Fig. 3
figure 3

Overall survival (OS)of patients stratifed by both NLR and ΔNLR

Fig. 4
figure 4

Progression free survival (PFS) of patients stratifed by both NLR and ΔNLR

Table 5 Multivariate analysis of the associations of combined NLR with survival

4 Discussion

Previous studies have demonstrated that changes in the NLR during nivolumab monotherapy were associated with GC survival, as well as combined with PD-1 inhibitor [11]. Here, we reported the prognostic value of baseline NLR and early NLR variations and its utility in MGC patients receiving anti-PD1 with different treatment combinations.

The relationship between high baseline NLR values and poor survival outcomes has been recognized for some tumors treated with checkmate inhibitors [12,13,14,15,16]. As reported in our center, the baseline NLR is associated with the survival of MGC patients using the anti-PD-1 drugs. The optimal cut-off of 3.23 was derived from our previous study [10]. Based on that cut-off value, we not only explored the NLR changes (ΔNLR) after two weeks of treatment but also the combined value of baseline NLR and ΔNLR.

We showed that the NLR increased after two cycles of anti-PD-1 treatment and was associated with worse outcomes. The NLR variations could be used to predict the OS and the PFS. High baseline NLR and increased post-treatment NLR were also independent factors of worsened survival outcomes. Furthermore, the combination of low baseline NLR and decreased post-treatment NLR was associated with higher ORR and DCR and especially favorable prognoses. Compared to current prognostic factors, such as the expression of PD-L1 [17] and TMB [18], routine lab tests are convenient and easy to monitor. Meanwhile, although PD-L1 or TMB are optimal candidate indicators as demonstrated by different clinical studies, they also presented controversial outcomes in some types of cancer [3, 5, 19, 20]. The inexpensive and readily available nature of the NLR allows it to be conveniently monitored over time. Additionally, in the present study, combining baseline NLR and NLR variants was better to stratify patients who might benefit from immunotherapy, consistent with the results reported for other types of cancer [11, 21,22,23]. Since inflammations are associated with tumor growth and progression, many inflammatory system markers are used as surrogates of systemic inflammatory response and as prognostic indicators [24,25,26,27]. However, the mechanisms by which NLR relates to ICI activity and OS remain unknown. An earlier report suggested associations between the NLR and the levels of pro-inflammatory cytokines and interleukin (IL)-6 that induce cancer progression, and GC patients with high levels of these cytokines exhibited poor prognoses [28,29,30].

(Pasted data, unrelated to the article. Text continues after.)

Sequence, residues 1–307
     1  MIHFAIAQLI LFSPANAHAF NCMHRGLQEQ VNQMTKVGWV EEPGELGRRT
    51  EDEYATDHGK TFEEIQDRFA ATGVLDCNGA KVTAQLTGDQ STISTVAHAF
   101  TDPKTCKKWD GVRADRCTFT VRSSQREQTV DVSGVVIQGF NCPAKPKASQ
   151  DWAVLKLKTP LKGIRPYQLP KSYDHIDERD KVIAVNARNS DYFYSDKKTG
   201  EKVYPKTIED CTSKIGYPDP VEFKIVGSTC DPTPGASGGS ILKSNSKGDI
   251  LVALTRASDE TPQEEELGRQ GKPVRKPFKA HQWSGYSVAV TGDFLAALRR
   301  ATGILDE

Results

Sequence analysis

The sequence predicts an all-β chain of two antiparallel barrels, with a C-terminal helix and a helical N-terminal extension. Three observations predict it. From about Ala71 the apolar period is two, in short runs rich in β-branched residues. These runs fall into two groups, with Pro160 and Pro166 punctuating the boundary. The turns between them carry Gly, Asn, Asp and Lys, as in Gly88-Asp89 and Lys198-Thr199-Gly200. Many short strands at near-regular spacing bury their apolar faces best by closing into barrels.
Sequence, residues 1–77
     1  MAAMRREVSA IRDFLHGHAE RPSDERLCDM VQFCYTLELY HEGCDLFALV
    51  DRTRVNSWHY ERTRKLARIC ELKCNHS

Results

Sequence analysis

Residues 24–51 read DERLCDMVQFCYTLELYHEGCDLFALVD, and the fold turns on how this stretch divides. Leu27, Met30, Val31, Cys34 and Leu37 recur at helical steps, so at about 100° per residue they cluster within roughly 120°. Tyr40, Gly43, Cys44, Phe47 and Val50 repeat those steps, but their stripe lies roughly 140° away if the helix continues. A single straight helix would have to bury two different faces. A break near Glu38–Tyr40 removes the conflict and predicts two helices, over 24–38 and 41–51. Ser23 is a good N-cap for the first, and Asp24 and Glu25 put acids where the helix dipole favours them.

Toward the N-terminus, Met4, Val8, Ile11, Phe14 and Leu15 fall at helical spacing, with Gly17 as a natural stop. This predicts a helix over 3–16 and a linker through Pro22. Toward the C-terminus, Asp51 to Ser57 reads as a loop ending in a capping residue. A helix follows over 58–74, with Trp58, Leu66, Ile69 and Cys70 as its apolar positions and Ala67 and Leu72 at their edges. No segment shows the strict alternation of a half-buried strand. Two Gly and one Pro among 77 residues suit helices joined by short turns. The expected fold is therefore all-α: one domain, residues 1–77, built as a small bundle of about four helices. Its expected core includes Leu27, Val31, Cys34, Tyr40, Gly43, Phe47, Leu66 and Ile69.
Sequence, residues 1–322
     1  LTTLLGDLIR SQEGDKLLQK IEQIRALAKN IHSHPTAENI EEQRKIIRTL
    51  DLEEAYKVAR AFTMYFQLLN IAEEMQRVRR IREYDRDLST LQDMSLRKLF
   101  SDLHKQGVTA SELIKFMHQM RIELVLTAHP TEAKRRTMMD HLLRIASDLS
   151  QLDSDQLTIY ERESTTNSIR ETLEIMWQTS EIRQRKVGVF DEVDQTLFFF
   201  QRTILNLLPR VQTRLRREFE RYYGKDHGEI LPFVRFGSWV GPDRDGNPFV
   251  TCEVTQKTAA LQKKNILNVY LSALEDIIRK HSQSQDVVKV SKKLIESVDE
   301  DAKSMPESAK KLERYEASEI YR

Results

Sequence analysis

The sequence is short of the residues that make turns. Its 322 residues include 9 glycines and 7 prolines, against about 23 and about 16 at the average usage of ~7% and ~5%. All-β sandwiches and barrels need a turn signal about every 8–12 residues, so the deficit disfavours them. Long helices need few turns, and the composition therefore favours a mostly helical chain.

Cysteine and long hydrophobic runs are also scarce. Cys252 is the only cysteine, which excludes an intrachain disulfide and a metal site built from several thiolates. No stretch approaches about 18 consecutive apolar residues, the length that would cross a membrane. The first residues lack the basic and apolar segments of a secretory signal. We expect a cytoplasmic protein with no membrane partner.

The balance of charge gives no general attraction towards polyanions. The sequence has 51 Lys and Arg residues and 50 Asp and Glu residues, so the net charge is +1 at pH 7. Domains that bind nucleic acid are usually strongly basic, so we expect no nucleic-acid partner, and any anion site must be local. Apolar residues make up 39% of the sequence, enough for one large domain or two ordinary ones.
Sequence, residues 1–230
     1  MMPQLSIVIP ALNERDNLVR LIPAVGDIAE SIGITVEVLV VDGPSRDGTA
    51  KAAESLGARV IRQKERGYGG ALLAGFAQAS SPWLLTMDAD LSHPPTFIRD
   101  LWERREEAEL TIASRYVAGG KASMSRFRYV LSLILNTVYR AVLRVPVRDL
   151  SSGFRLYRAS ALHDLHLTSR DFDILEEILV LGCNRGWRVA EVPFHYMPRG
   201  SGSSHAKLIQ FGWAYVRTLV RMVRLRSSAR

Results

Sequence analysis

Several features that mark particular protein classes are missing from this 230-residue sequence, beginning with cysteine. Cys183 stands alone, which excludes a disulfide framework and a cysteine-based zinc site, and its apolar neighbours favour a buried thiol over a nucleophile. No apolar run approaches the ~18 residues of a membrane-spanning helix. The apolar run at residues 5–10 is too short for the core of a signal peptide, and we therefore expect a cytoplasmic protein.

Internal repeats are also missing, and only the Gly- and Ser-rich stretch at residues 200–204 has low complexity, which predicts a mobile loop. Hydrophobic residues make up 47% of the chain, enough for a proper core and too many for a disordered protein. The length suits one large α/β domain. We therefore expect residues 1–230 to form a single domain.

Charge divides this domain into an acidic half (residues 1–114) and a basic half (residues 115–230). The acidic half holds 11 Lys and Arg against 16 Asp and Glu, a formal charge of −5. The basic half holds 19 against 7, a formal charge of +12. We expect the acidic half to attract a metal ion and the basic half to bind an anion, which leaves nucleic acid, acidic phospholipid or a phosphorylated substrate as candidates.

Our current study also has some limitations. First, this was a retrospective single-center work and the sample size was small. Hence, external validation in a prospective study is required. Second, although we applied the cut-off value confirmed by our previous study [10], the optimal cut-off values for NLR remain unknown. Third, neither the expression of PD-L1 nor tumor mutation burden was analyzed in our clinical routine. So it is hard to provide these information of enrolled patients in the manuscript and compare your findings (ΔNLR) to these biomarkers in terms of sensitivity, specificity and outcome predictive capacity. Fourth, the mechanisms of action are unknown, and both neutrophil and lymphocyte number are sensitive to systemic nutrition, immune and infection status, further studies evaluating the relationship between NLR and tumor micro-environment, nutrition status, line of therapy, and immune-related adverse events might help delineate the mechanisms between baseline NLR and NLR changes and OS.

5 Conclusion

In summary, we showed that the changes in NLR in the early stages of different immunotherapies for MGC patients can be used to predict outcomes, especially combined with the baseline NLR. Finally, our current results might help clinicians decide whether to continue immunotherapy in MGC patients.